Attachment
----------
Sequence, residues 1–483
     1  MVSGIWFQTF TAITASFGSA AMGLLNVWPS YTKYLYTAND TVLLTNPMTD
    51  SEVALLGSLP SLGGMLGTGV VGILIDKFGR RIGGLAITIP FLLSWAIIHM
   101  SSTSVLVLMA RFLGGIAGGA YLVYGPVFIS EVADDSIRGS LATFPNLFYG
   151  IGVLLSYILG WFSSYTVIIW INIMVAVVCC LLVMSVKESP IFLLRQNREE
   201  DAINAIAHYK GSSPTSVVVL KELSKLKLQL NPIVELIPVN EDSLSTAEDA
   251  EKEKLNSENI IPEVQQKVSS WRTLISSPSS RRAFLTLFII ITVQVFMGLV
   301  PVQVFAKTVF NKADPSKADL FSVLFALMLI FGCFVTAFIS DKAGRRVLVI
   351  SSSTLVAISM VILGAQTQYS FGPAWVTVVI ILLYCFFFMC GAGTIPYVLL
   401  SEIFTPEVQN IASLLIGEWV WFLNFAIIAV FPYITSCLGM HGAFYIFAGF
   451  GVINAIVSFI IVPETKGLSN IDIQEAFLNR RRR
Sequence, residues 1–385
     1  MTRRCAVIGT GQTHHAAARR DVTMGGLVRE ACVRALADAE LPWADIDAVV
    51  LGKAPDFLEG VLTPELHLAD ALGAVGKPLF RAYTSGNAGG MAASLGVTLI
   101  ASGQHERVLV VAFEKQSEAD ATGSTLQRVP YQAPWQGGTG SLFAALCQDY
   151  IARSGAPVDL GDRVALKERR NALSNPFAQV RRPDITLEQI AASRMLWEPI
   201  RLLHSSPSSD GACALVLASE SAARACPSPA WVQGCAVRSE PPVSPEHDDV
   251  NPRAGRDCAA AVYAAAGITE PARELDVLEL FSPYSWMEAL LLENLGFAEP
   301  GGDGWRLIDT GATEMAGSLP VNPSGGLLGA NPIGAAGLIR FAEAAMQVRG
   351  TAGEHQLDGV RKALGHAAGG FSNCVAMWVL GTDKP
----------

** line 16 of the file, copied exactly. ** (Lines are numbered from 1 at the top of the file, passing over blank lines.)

   151  IARSGAPVDL GDRVALKERR NALSNPFAQV RRPDITLEQI AASRMLWEPI